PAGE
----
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DGI-013 Antiretroviral Treatment Switching in Virologically Unsuppressed HIV-Infected Patients
  1. H Navarro Aznárez1,
  2. A Martinez-Sapiña2,
  3. P Arazo3,
  4. Y Alonso1,
  5. I Larrodé1,
  6. N De La Llama1,
  7. R Huarte1
  1. 1Miguel Servet Hospital, Pharmacy, Zaragoza, Spain
  2. 2Miguel Servet Hospital, Microbiology, Zaragoza, Spain
  3. 3Miguel Servet Hospital, Infectious Diseases, Zaragoza, Spain

Abstract

Background Antiretroviral treatment (ART) has markedly decreased the morbidity and mortality due to HIV; however, in a percentage of patients a change of treatment is needed.

Purpose To determine the rates of treatment switching in HIV virologically unsuppressed patients, the reasons for changing treatment, to estimate adherence levels and to find the profiles of drug-resistant mutations.

Materials and Methods Retrospective study involving patients switching ART with HIV RNA values >20 copies/ml in 2011. Patients under 18 and those who had been on their first-line treatment no longer than 24 weeks, were excluded. Data collected: gender, age, ART and HIV RNA values before and after switching, cause of changing, adherence level (dispensing records for the last three months) and resistance testing. Data source: medical records and pharmacy database.

Results Of 1103 patients receiving ART, a total of 16% (177) of regimens were switched, 102 cases met the inclusion criteria (57.6%), 62% males, average age 44 ± 9.5 years. In patients switching treatment, viral load was <500 copies/ml in 57.8% (59/102) (<200 in 51 of them (84%)). Drug-resistant mutations were assessed in 40.2% (41/102), and mutations were found in 41.5% of them, the more frequent mutations were: M184V (6/17), K103N (6/17), Y181C (5/17) and K65R (3/17). The main reasons for switching treatment were toxicity (52.9%) and treatment failure (29.3%), other reasons were regimen simplification, drug interactions and pregnancy (17.7%). The average adherence level was 70.4%, but only 38.4% of patients had high levels of adherence (>95%). The rate of adherent patients (>95%) was 55.9% in patients with viral load <500 copies/ml versus 14.1% with viral load >500 (p < 0.05).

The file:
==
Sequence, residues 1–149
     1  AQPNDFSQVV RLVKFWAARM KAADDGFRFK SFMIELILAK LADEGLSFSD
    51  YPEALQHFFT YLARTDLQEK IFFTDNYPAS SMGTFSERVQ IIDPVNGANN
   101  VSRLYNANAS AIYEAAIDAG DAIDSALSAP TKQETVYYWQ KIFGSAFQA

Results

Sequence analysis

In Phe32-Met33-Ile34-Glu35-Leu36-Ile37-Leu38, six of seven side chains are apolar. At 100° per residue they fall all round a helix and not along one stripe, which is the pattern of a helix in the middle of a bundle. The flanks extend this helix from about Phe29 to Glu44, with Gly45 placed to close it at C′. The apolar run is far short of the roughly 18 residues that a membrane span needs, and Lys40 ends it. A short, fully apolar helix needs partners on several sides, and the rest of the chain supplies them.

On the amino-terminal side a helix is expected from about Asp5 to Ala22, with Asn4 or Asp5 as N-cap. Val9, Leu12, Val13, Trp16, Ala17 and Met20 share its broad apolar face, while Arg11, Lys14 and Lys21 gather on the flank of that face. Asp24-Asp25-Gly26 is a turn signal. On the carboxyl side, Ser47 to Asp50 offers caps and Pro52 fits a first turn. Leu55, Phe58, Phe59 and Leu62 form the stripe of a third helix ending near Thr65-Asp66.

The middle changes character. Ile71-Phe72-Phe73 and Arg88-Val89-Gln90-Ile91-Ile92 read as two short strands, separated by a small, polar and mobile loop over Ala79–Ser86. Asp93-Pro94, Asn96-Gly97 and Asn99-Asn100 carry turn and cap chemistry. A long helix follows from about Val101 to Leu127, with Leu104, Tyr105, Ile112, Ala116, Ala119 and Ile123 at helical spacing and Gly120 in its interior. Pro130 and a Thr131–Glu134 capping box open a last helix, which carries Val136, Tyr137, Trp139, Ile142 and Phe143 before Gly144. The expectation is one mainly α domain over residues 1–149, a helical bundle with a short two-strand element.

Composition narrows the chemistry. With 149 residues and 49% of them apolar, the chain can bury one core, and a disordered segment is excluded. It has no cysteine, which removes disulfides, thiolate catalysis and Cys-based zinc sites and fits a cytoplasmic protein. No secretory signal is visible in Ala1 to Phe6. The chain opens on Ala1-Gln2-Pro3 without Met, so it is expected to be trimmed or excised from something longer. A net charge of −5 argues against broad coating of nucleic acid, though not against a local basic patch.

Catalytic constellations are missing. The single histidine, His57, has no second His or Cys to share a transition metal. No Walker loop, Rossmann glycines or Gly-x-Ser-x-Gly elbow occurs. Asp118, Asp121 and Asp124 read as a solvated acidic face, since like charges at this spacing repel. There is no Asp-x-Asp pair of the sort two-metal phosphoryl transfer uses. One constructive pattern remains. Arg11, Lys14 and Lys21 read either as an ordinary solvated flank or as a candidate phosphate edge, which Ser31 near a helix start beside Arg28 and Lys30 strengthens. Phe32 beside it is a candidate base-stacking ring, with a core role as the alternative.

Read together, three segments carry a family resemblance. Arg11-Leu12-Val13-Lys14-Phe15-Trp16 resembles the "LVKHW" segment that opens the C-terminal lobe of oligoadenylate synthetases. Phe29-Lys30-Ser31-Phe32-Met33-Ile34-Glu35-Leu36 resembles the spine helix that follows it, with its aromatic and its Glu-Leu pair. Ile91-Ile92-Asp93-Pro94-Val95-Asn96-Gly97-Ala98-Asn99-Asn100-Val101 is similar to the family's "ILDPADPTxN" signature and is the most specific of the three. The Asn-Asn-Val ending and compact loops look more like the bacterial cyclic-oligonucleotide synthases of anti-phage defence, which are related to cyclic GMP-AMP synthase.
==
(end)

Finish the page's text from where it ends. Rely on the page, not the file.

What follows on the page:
Conclusions Toxicity was the main reason for changing ART. The percentage of ‘well-adherent’ patients was very low in virologically unsuppressed HIV-infected patients, especially in those patients with high viral loads; therefore adequate adherence to treatment is a key factor in viral suppression.

No conflict of interest.

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